(adapted from Sherri Donovan, Esq., http://www.huffingtonpost.com/sherri-donovan-esq/celebrate-mediation-day-t_b_1968763.html)
It’s less costly. You and your spouse will typically pay one professional who is dedicated to helping you both reach a resolution. You will pay for meetings rather than waiting time at court. You will not pay for the costly drafting of motion papers back and forth and the accompanying court appearances. Lengthy divorce battles and trials have led to the financial ruin of many families. Divorcing families already have enough financial strain. Pay for your child’s college education, not your lawyer’s child.
You control the discussion and the outcome. You choose the topics that you want to discuss and settle. You, not the court, have final say over the terms of your agreement. Important decisions about you and your children are not left in the hands of strangers. You get more personal attention. The mediation process allows you to speak and be heard. You work directly with your mediator, who will propose and get a consensus on the resolution process, elicit, explore and generate options, help you negotiate, refine decision-making and arrive at a final agreement. Most judges are overworked and understaffed with too many cases. Judges often do not have the time or opportunity to get to know each family and by necessity, must speak to the lawyers more than the people actually going through the divorce.
There is faster resolution. Parties set their own timeframe for resolving issues, without having to wait months for the next court date or for a time when two lawyers and a judge can coordinate their calendars. It is possible to resolve your issues in a few sessions. One of the worst parts of divorce is the anxiety brought about by living with unresolved, lingering issues for a prolonged period and by having to remain attached to someone after you have decided to separate.
There is greater confidentiality. Communications, documents and work notes made or used in mediation are privileged and confidential. Meetings are private and at your mediator’s office (or even held via Skype or conference call). At court, you will argue your case in a public courtroom in front of a judge, officers and court employees as well as other litigants and attorneys. It is dreadful to have your children and problems discussed in a room full of strangers, or in front of people in your community.
There is greater flexibility. Mediators often agree to meet in the evening, or even on weekends. Mediators are more able to work around your family’s busy schedule, as opposed to a court, with its rigid operating hours and overflowing dockets. Mediation can even work when parties desire to mediate their disputes but cannot do so while in the same room. Mediation can be achieved online via Skype or another online service, or via conference call or speaker phone.
It protects children from conflict. Custody trials usually require your children to be interviewed and observed by several experts. Your children may even be required to appear at court. The animosity between parents can increase significantly while embroiled in an adversarial process, which can expose children to increased conflict, verbal attacks and tension, leading to stress, confusion and long-lasting damage. A mediator can help educate parties in a neutral manner and keep the focus on the children’s needs, while engaging parents in a more sensitive and less inflammatory process.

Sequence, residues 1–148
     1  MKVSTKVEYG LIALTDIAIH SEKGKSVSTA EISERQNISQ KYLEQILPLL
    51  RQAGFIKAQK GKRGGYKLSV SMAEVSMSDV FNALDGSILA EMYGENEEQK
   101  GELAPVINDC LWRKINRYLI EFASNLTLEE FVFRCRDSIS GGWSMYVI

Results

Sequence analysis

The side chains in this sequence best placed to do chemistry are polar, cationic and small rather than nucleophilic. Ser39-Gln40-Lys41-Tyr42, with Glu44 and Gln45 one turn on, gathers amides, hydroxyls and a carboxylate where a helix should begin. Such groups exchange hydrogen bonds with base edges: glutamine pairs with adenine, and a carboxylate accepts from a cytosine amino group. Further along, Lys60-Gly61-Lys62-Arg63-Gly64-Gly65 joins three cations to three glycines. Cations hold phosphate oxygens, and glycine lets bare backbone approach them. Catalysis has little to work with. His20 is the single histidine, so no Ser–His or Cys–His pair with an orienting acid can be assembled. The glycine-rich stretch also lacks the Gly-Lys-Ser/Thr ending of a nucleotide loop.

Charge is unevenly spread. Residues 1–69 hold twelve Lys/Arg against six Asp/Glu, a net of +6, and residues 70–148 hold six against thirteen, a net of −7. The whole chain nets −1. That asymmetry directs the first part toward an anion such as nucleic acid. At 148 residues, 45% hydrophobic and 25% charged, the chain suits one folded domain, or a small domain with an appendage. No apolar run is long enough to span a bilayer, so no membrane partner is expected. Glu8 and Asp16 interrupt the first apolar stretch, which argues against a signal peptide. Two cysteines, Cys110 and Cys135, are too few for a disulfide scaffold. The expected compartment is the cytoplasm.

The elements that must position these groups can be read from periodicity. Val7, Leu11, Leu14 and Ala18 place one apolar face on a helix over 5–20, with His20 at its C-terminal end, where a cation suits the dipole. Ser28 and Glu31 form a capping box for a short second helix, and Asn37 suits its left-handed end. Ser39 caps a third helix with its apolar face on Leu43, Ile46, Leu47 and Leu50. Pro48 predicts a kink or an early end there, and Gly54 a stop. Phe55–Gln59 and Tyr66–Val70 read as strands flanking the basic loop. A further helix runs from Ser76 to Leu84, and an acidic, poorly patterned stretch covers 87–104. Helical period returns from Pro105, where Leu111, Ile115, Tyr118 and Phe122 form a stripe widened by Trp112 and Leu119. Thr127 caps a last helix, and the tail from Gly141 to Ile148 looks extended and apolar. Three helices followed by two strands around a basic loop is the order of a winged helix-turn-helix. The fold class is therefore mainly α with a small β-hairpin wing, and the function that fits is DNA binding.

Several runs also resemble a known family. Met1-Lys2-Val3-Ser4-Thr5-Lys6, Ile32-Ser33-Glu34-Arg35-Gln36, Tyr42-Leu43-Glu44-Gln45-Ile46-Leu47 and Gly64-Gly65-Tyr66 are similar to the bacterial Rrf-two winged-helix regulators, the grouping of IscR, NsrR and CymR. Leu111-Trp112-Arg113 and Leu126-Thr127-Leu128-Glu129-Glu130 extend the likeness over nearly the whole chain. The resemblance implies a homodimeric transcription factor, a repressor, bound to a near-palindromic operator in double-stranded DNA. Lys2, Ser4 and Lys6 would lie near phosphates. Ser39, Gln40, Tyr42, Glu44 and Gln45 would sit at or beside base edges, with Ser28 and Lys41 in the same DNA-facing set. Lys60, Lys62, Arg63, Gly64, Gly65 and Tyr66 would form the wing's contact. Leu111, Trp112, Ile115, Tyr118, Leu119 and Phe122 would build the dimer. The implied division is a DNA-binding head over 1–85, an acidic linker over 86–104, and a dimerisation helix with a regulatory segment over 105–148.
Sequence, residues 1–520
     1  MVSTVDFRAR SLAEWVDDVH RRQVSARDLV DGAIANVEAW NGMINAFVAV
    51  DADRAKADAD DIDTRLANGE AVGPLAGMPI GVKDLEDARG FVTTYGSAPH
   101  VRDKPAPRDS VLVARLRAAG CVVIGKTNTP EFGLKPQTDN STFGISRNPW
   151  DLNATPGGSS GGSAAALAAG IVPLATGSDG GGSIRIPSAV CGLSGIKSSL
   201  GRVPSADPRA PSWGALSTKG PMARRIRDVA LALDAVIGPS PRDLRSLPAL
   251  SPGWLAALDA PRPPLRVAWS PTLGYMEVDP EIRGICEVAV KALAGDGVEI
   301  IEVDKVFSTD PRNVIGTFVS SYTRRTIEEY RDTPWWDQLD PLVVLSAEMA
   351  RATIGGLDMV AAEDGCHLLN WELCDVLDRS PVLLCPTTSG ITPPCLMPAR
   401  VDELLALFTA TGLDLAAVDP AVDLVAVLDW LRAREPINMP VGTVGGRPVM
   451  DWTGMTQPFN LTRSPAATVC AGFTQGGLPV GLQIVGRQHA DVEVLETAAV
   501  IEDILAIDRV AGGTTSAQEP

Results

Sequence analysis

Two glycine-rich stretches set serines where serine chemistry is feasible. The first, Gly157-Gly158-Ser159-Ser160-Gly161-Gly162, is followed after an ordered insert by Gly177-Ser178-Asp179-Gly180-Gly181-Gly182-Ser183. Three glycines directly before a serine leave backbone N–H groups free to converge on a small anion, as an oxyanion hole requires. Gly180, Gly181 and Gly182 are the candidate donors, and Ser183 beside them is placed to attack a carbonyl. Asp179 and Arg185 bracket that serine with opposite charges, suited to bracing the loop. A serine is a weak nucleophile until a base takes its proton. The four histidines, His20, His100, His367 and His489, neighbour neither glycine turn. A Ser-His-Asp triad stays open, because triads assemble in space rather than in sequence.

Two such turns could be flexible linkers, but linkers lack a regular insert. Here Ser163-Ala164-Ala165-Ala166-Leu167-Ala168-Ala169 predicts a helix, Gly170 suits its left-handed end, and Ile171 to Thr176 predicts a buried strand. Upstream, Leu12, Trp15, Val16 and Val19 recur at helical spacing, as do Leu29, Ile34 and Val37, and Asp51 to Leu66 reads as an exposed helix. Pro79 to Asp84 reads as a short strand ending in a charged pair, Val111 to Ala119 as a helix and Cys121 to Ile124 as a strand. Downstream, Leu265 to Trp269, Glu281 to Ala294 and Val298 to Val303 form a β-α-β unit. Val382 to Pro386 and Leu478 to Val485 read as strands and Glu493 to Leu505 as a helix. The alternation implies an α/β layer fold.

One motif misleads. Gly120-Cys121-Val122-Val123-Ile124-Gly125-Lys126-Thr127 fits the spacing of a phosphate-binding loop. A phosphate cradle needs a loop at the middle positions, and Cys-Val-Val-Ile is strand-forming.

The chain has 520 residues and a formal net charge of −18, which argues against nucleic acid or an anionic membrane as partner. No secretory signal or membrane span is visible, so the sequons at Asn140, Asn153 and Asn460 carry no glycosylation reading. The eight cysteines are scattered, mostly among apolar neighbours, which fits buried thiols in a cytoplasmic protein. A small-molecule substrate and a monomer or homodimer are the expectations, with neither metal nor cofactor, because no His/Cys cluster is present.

It’s a less adversarial process. A neutral mediator assists parties in arriving at a mutually acceptable agreement, but, in contrast to an adversarial proceeding, mediation emphasizes cooperative problem solving and addressing the needs of all involved. The mediator can help raise points that an attorney would not be free to raise for strategic reasons and he or she may help the parties view issues from a neutral standpoint with a focus on resolving the dispute, rather than validating one party’s position and seeking to “win”. A mediator can minimize side arguments and avoid the adversarial positioning between attorneys, while concentrating everyone’s efforts towards a mutually satisfactory conclusion. Resolve your issues by communicating rather than fighting, working as a team, rather than engaging in battle.
There are more opportunities for a creative, tailored family plan. Mediating parties do not have to work within the confines of the litigation system as far as process or result. Sticking points particular to you can be addressed more in-depth in your mediation session and in your final agreement, which can lead to more effective co-parenting post-divorce.
It allows for greater post-divorce stability. In contrast to the adversarial nature of the traditional litigation system, mediation seeks to improve parties’ understanding of each other and their ability to communicate. In the context of divorcing or separating parents who will need to co-parent for years to come, emerging from a divorce with the ability to communicate effectively and with respect is especially important. You may also return to your same mediator if conflicts arise in the future. Your mediator can help moderate, settle disputes and clarify or modify your agreement as time goes by. Your mediator already knows your agreement, is attuned to your families’ issues and dynamic and can be on standby, able to quickly step in when you need it.